When Malaysia was investigated, this trend holds true. Malaysian women are indeed less physically active than men.
The research didn’t delve into a distinctive divide between Muslim women and non-Muslim women, but there is an undeniable cultural bias of traditional, especially Muslim, views on the role of women.
To many in our country, physical activity is often regarded as unfeminine and associated with lower social status.
This perception may have contributed to the Malaysian culture’s negative attitudes among women regarding the importance and desirability of exercise.
Another reason why women in Malaysia are more inactive is perhaps the lack of culturally acceptable venues for women (especially Muslims) to engage in exercise or physical activity.
In the eyes of Malaysian society, women exercising alone is considered unsafe and this may lead families to discourage women in their lives from getting the work out they need.
Correlation between Malaysian Culture and Health #2: Race and Rationality towards Exercise
Alright, let’s delve into identifying the physical fitness of Malaysians by their ethnicity.
As we know, the different races have their own habits and preferences when it comes to physical activity and diet, which is why some diseases diagnosed have ethnicity patterns.
So let’s get into it. A study shows that Malaysian Chinese participants were the least physically active ethnic group and the least likely to engage in moderate or vigorous activity. This strong data may suggest that there are normative aspects of the Malaysian Chinese culture that shuns or discourages exercise. Perhaps this outdated viewpoint that being overweight signifies wealth and prosperity may be playing with local perception. Elderly Malaysian Chinese, however, were found in one study to be more active than their Indian and Malay counterparts.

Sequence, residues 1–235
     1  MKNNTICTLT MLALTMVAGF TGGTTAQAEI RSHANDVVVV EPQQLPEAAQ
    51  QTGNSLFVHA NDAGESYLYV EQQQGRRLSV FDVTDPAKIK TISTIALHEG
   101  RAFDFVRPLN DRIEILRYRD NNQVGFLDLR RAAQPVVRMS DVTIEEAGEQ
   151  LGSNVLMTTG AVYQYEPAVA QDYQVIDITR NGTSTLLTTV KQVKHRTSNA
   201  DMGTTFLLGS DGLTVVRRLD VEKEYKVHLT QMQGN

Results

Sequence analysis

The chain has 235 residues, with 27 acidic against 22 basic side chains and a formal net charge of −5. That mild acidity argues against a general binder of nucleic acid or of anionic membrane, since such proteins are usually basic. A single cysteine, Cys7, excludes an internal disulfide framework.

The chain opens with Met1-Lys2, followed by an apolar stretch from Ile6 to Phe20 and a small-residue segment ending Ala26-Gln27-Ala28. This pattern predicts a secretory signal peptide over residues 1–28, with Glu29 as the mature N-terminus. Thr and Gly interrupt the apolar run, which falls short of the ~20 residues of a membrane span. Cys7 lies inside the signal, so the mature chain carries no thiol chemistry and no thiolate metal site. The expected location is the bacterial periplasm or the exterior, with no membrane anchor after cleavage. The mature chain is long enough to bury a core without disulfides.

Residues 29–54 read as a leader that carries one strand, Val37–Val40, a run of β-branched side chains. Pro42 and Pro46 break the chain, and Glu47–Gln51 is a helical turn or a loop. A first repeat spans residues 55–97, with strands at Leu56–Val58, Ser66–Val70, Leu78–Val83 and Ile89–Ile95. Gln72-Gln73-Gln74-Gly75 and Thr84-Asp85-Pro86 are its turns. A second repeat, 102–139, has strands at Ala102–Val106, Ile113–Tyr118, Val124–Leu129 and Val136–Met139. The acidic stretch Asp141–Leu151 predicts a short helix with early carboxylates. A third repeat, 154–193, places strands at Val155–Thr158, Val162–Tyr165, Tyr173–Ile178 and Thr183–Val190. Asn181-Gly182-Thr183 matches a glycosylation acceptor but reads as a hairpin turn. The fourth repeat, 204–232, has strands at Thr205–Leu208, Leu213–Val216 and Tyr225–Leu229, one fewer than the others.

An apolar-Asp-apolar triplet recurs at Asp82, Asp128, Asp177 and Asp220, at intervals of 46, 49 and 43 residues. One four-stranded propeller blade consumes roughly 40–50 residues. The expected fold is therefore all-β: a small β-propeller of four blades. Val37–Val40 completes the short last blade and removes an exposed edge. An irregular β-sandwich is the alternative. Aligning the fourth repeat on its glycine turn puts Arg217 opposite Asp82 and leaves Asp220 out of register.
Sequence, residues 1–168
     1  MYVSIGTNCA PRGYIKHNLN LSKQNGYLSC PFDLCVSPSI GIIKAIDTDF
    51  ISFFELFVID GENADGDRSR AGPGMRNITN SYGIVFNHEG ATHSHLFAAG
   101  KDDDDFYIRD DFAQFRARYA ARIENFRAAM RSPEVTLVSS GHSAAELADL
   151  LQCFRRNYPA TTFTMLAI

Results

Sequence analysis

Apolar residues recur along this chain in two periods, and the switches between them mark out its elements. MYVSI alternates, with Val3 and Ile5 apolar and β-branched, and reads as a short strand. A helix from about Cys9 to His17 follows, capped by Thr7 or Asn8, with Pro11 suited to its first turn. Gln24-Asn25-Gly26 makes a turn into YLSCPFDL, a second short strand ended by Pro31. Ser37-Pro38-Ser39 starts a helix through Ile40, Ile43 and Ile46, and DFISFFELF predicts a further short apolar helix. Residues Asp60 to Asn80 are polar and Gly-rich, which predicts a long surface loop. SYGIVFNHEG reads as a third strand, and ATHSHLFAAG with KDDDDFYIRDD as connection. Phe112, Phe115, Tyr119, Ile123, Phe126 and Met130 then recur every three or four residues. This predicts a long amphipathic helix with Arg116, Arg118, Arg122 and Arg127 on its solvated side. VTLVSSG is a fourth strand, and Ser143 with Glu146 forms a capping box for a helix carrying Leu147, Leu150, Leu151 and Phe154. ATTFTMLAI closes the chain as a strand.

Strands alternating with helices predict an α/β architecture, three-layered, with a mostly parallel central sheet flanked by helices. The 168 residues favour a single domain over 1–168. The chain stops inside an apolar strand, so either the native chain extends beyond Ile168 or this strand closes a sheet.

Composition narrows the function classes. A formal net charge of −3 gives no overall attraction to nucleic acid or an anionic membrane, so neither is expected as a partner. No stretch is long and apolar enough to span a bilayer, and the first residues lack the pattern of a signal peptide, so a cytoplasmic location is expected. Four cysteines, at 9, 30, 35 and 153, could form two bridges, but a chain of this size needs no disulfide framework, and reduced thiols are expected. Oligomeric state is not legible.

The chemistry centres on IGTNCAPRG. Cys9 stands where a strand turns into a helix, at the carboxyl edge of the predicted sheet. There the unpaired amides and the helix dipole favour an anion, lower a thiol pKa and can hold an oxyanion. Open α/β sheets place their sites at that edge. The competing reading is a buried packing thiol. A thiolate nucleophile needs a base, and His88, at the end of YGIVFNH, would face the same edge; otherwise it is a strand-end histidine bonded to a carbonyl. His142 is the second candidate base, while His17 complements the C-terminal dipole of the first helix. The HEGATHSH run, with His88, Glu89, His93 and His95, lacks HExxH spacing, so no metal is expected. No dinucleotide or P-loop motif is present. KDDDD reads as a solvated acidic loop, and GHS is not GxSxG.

In this same study, Malaysian Indians were found to be most likely to engage in light exercise such as gardening, housework, bowling, fishing, carpentry and even leisurely walks.
Correlation between Malaysian Culture and Health #3: Education and Exercise
There is an abnormal skew for the results here in Malaysia compared to most Western countries. The norm for this factor would be that with higher levels of education comes higher levels of fitness and engagement in physical activity.
Surprisingly, this is not the case for our country, again suggesting that there may be an underlying cultural orientation among Malaysians that devalues physical activity.
Many Malaysians have this ingrained perception that physical activity is too difficult, not rewarding, uncomfortable, dangerous, or just generally uninteresting.